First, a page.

Has Denis O’Brien had a Morgan Kelly moment?

Cliff Taylor: Is the Dublin office market ‘bubble’ ripe for bursting?

Has Denis had a Morgan Kelly moment when he has spotted something everyone else has missed?

Has Denis had a Morgan Kelly moment when he has spotted something everyone else has missed?

 

Could Denis O’Brien be right about the Dublin office market, when he warns that we are now in an over-building “bubble”? Has Denis had a Morgan Kelly moment when he has spotted something everyone else has missed?

Property experts say no. But it would be unwise to dismiss the warnings of O’Brien, himself an investor in commercial property and someone with an insider track on Irish business. There are cranes everywhere, as he says. The question is whether there will be tenants for all the buildings when they are finished.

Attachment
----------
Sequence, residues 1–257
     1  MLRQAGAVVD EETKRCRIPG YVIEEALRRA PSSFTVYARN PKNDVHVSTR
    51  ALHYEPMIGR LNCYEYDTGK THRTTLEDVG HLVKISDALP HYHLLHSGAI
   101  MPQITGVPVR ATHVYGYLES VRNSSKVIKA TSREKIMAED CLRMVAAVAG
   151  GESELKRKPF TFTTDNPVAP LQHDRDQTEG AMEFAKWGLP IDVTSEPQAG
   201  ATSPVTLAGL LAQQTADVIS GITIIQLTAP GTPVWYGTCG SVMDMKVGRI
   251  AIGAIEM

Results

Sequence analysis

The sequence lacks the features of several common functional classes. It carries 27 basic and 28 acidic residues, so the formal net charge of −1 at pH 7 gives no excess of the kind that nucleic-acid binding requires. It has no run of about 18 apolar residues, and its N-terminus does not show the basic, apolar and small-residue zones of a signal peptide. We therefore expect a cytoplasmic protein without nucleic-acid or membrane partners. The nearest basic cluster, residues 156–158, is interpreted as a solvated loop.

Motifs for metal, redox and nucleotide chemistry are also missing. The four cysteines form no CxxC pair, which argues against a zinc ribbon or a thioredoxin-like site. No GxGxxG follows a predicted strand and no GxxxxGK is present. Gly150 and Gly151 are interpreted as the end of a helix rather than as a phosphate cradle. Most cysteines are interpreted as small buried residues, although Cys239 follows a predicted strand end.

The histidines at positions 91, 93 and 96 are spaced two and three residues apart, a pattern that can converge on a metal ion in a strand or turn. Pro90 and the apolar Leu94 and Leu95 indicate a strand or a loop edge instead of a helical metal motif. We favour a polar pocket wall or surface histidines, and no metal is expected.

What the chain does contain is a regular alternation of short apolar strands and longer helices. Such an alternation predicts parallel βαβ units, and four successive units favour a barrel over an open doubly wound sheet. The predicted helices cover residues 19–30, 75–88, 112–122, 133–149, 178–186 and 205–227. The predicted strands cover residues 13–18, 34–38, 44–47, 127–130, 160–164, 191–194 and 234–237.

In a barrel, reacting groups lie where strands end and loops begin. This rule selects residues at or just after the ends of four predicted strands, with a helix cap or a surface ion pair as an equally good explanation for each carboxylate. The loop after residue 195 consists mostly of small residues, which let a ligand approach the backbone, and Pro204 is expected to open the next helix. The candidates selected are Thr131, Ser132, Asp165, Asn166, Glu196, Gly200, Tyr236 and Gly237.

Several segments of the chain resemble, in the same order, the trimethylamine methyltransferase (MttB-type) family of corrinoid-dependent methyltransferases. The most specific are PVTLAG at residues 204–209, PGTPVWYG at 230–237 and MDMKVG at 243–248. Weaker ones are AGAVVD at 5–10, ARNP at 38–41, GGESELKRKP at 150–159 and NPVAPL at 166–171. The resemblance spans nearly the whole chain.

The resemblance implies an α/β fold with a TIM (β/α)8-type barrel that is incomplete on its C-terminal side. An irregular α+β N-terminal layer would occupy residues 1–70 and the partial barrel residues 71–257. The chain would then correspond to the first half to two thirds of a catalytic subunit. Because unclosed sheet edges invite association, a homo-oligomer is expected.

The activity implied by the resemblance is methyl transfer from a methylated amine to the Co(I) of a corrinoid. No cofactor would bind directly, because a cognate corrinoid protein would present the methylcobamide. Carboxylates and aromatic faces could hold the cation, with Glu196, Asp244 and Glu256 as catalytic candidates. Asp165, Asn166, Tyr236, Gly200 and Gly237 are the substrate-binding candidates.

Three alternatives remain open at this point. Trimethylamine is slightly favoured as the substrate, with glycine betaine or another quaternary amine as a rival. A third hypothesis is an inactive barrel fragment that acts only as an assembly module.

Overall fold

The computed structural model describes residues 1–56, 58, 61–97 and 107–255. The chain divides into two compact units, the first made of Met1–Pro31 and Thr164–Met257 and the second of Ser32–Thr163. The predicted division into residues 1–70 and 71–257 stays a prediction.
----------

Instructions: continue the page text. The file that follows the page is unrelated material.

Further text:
Much will depend on whether the extraordinary run of growth now being experienced in the economy continues, as it is this which is underpinning demand. With 400,000 square metres of office space in the pipeline and due to hit the market over the next couple of years, we need the current mix of potential tenants – IT companies, financial firms, State enterprises and general commercial interest – to keep expanding.

‘Pipeline’